This past month there has been enough drama online regarding the upcoming World of Warcraft patch 2.4 to write a book. I won't go quite that far, but I am going to devote this weeks editorial to another patch 2.4 topic. This time, I want to take an in depth look at the change that was proposed to Warlocks and why it was rolled back to the original state.

Life Tap

Let's start by looking at the ability in question, Life Tap. Life tap is a key warlock ability that converts health to mana for the warlocks use. At level 70 life tap costs 580 health to use and returns 580 mana. These numbers are both modified by 80% of your +spell damage bonus. So if you had a very reasonable +800 spell damage, it would add 640 to both numbers, making it cost 1,220 health and return 1,220 mana.

In addition to being modified by your +spell damage, life tap can be modified by the talent improved life tap. With the full 2 points in this talent, you receive 20% more mana back than health lost. This means using our above example numbers, life tap would now cost the same 1,220 but return 1,464 mana.

The Change

For patch 2.4 Blizzard proposed the following change to life tap.

Life Tap: This spell now has only 3 ranks. Each now costs a fixed percentage of maximum health to cast, and grants the same fixed percentage of maximum mana: Rank 1 is 5%, Rank 2 is 12%, and Rank 3 is 20%.

On the surface this seems like not a huge deal, however when you look at the average numbers of a warlock it can be significant. Due to the way most Warlocks function, they stack stamina and almost ignore intelligence. The best lock in my guild has 11,000 health and only 8,000 mana unbuffed. What would this new version mean for him?

Under the original form of the spell with his +1200 spell damage, he would lose 1,540 health (or 14%) and gain 1,848 mana (or 23%). With the proposed change he would lose 2,200 health to gain 1,600 mana, a flat 20% on each.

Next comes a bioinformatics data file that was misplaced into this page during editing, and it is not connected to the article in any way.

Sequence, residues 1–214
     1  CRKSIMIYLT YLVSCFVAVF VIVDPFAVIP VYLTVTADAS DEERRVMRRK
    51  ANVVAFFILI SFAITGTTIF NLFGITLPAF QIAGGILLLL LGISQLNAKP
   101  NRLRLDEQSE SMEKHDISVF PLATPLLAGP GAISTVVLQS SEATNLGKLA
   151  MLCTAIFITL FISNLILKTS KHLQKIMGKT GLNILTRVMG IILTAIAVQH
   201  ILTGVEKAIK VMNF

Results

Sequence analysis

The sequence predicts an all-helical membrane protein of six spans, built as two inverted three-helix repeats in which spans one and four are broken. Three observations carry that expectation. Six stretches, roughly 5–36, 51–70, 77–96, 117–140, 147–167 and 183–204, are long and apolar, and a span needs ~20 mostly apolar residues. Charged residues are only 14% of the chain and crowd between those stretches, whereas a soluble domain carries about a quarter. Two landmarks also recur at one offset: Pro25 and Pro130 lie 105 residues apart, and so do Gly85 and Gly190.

The Drama

From a quick glance you can tell that it costs a significant amount more health to gain back a similar amount of mana, but why is this even being looked at and why is everyone up in arms over it?

The biggest reason this was being looked at is the number of warlocks in arena teams and their over effectiveness based on the life tap ability. Life tap in the PvE environment allows a Warlock to continue to function once they run out of mana and is a key talent, and completely balanced in that environment. Raid warlocks burn through mana then life tap to gain it back, then soul syphon to gain that lost health back from the target. With enough +spell damage a Warlock is almost completely self sustaining.

However in the PvP environment and especially arenas, that same +spell damage and self sustaining ability gives warlocks an advantage over every other caster that is too big to not call over powered. While every other caster runs short on mana half way through a long fight, a good warlock will still have full mana and almost never run low.

The drama involved in this change is Blizzards attempt to fix the PvP environment that would have slightly hurt the PvE environment. When players saw how the change would work, they exploded. The forums became full of threats to not play their locks, warnings that they would become useless in raids, and much more.